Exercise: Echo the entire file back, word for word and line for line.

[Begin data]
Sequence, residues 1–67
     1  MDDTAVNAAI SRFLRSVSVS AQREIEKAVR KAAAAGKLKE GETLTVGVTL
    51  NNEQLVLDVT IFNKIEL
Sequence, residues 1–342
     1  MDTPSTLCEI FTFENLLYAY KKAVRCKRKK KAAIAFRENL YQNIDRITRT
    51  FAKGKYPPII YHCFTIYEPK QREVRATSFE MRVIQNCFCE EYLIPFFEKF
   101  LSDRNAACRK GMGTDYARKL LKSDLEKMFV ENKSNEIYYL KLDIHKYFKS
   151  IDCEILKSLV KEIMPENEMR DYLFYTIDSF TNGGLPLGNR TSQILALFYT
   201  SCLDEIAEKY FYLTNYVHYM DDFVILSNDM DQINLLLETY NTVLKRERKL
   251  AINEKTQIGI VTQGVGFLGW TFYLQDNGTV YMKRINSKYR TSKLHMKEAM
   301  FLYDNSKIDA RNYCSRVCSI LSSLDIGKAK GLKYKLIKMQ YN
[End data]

Sequence, residues 1–67
     1  MDDTAVNAAI SRFLRSVSVS AQREIEKAVR KAAAAGKLKE GETLTVGVTL
    51  NNEQLVLDVT IFNKIEL
Sequence, residues 1–342
     1  MDTPSTLCEI FTFENLLYAY KKAVRCKRKK KAAIAFRENL YQNIDRITRT
    51  FAKGKYPPII YHCFTIYEPK QREVRATSFE MRVIQNCFCE EYLIPFFEKF
   101  LSDRNAACRK GMGTDYARKL LKSDLEKMFV ENKSNEIYYL KLDIHKYFKS
   151  IDCEILKSLV KEIMPENEMR DYLFYTIDSF TNGGLPLGNR TSQILALFYT
   201  SCLDEIAEKY FYLTNYVHYM DDFVILSNDM DQINLLLETY NTVLKRERKL
   251  AINEKTQIGI VTQGVGFLGW TFYLQDNGTV YMKRINSKYR TSKLHMKEAM
   301  FLYDNSKIDA RNYCSRVCSI LSSLDIGKAK GLKYKLIKMQ YN